The USDA report on the Japan tsunami’s effects upon the rice supply and agriculture are in agreement with what I surmised a few days after the event. I have highlighted a few sentences of special interest.
From the report…
Japan’s Rice Sector in Brief
• Japan is currently the 10th largest rice producing country in the world, accounting for about 2 percent of the global crop. Japan’s share of global rice consumption is also about 2 percent. Both total and per capita rice consumption in Japan are declining, mostly due to diet diversification and a decreasing population.
• Japan imports about 682,000 tons (milled basis) of rice each year, or about 2 percent of global rice trade. All imported rice is part of Japan’s minimum access requirements agreed to under the WTO. The United States typically supplies about half of Japan’s annual rice imports.
• Imports account for about 6 percent of Japan’s total rice supply. Much of the imported rice is used in processed products, as well as in feed. Tariff rates for any rice imported above the minimum access requirements are prohibitive. On balance, Japan is nearly self-sufficient in rice.
• Japan exports about 200,000 tons of rice per year as food aid, with its imported rice accounting for some of these shipments. Commercial exports are extremely small.
Little Impact on Japan’s Rice Production
• Not much rice is grown in the areas directly affected by the tsunami, which flooded areas up to 3 miles inland. Most rice in Fukushima, Miyagi, and Iwate—the most severely affected prefectures—is grown farther west. Together, these three prefectures account for almost 13 percent of Japan’s rice production. Damage to rice fields was much less in the two other affected prefectures, Ibaraki and Aomori. Although these five prefectures typically account for about 21 percent of Japan’s total rice production, preliminary analysis of satellite imagery suggests that less than 1.5 percent of Japan’s rice land was actually flooded by the tsunami.
• Rice fields in Japan are currently fallow. The 2010 harvest ended in November and the 2011 rice plantings will not begin until late-April and early May.
• There is a substantial amount of land in Japan that has been diverted from rice planting since 1969 that could be brought back into production. Current rice area is just half the 1960 record of 3.3 million hectares.
Adequate Stocks Are Available in Japan
• Although the tsunami and earthquake likely destroyed some rice in storage, there is much rice stored in other parts of the country that could compensate for damaged rice if transportation—including fuel—is available and roads and bridges are intact.
• Prior to the March 11 tsunami, USDA estimated that about 2.8 million tons (milled basis) of rice would be in stocks by the end of the 2010/11 market year on November 1, 2011. Of the projected 2.8 million tons, the Government keeps about a million tons of rice in reserve stocks. Additionally, there are almost 900,000 tons of rice that were imported under Japan’s WTO minimum access requirements.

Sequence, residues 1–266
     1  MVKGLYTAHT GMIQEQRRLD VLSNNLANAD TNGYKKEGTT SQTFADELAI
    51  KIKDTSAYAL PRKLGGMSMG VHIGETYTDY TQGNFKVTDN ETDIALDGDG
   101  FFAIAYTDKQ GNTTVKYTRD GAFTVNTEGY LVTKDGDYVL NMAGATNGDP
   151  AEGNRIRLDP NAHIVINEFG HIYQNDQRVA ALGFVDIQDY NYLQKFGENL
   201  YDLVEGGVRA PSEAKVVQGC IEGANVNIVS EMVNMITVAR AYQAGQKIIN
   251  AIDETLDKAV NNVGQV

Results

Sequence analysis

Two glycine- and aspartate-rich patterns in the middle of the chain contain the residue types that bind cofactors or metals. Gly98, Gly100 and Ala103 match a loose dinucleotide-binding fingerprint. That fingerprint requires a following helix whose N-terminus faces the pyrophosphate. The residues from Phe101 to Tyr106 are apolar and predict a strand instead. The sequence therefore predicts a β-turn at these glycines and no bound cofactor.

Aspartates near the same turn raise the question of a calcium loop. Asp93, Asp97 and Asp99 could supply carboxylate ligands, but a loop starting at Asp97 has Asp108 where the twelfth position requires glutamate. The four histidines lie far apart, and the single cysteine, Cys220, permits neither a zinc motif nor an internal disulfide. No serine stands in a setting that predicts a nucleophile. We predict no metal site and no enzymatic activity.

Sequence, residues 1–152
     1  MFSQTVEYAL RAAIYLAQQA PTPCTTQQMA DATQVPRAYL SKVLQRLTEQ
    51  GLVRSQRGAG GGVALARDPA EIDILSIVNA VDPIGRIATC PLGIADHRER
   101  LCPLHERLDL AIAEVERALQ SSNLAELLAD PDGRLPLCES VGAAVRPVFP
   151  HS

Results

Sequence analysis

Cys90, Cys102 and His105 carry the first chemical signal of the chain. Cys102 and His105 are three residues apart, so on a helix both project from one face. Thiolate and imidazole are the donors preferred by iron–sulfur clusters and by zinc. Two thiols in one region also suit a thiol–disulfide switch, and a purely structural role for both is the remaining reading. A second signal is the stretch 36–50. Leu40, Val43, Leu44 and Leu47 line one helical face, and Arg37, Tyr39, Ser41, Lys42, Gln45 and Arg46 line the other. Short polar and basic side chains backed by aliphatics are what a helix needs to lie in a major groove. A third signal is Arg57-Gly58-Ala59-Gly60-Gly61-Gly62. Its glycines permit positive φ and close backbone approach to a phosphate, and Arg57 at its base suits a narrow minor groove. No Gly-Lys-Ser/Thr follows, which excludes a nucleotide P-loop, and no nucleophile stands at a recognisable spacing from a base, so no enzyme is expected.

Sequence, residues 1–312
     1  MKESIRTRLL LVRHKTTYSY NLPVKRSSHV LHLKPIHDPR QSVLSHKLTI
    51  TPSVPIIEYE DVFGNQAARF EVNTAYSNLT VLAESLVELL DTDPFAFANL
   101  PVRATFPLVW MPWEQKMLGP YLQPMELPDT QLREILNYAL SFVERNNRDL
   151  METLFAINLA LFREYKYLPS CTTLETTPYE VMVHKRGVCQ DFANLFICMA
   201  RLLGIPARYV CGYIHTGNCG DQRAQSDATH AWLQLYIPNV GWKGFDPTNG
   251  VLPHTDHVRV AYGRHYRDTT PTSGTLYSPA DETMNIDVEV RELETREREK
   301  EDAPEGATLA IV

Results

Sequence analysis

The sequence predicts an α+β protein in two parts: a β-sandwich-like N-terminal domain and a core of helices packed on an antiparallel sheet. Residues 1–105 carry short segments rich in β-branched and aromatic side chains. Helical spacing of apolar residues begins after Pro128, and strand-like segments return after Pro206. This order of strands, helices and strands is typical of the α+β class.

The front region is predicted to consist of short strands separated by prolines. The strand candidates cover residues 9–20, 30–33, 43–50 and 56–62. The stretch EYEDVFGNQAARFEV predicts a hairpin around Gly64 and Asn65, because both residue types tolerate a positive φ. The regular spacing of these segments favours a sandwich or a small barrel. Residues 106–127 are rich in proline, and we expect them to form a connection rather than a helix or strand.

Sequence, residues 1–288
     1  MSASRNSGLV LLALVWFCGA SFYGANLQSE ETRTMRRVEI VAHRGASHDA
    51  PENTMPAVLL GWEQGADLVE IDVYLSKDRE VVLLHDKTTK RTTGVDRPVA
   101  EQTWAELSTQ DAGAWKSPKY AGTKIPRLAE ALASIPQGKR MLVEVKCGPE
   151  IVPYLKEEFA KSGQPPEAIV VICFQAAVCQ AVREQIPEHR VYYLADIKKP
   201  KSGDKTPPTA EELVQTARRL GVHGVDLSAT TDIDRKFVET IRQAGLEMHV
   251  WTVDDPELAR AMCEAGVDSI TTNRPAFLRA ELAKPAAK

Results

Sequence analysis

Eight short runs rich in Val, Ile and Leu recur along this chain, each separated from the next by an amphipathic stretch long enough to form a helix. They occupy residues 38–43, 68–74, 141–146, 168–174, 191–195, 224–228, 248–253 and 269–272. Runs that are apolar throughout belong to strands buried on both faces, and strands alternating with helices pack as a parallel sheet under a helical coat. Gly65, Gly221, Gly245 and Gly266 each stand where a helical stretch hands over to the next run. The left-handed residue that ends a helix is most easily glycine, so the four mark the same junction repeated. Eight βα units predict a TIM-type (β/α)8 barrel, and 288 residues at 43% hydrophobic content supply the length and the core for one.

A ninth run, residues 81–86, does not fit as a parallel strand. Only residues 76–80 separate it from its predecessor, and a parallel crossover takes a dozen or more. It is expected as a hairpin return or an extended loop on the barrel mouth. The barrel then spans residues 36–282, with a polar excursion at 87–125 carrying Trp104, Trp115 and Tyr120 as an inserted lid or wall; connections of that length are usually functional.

• Overall, the ending stocks estimate indicates a comfortable 33 percent stocks-to-use ratio. The global stocks-to-use ratio for rice is around 22 percent, adequate for a major food grain. For the United States, a 12-15 percent stocks-to-use ratio typically is sufficient to maintain prices.
• The Japanese Government has a history of not importing any rice above its WTO minimum access requirements, even in years of weak production, preferring instead to draw down its stocks.
Despite these mitigating factors, the tsunami has likely adversely impacted the Japanese rice sector in several ways:
• The rice fields that were flooded will likely be unable to grow rice this year due to saltwater intrusion. Normal rainfall should flush out the salt in 1 or 2 years. However, the timing of recovery from saltwater intrusion in Japan is uncertain. In 2008, Burma was able to replant quickly after Typhoon Nargis struck in early May due to normal, beneficial monsoon rains. In contrast, Louisiana’s recoveries from saltwater intrusion (caused by Hurricanes Katrina, Rita, Gustav, and Ike) were hampered and delayed by a lack of rain.
• The damage to roads and bridges will make moving rice to critical areas difficult. This will also hinder moving inputs to farmers in affected areas.
• There may be negative impacts due to consumer safety concerns regarding rice contaminated by radiation. This may result in a premium for rice stored farther away. Consumers may also shift to other foods that are viewed to be safer or require little preparation. Consumer reaction to these concerns is still evolving.